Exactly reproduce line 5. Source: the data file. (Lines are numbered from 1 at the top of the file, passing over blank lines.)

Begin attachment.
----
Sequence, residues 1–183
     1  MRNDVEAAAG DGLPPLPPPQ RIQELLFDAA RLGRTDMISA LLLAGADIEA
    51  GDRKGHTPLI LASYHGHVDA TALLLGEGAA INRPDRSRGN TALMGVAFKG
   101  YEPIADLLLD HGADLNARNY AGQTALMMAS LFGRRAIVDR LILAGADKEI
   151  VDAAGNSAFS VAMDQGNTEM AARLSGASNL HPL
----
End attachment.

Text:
   151  VDAAGNSAFS VAMDQGNTEM AARLSGASNL HPL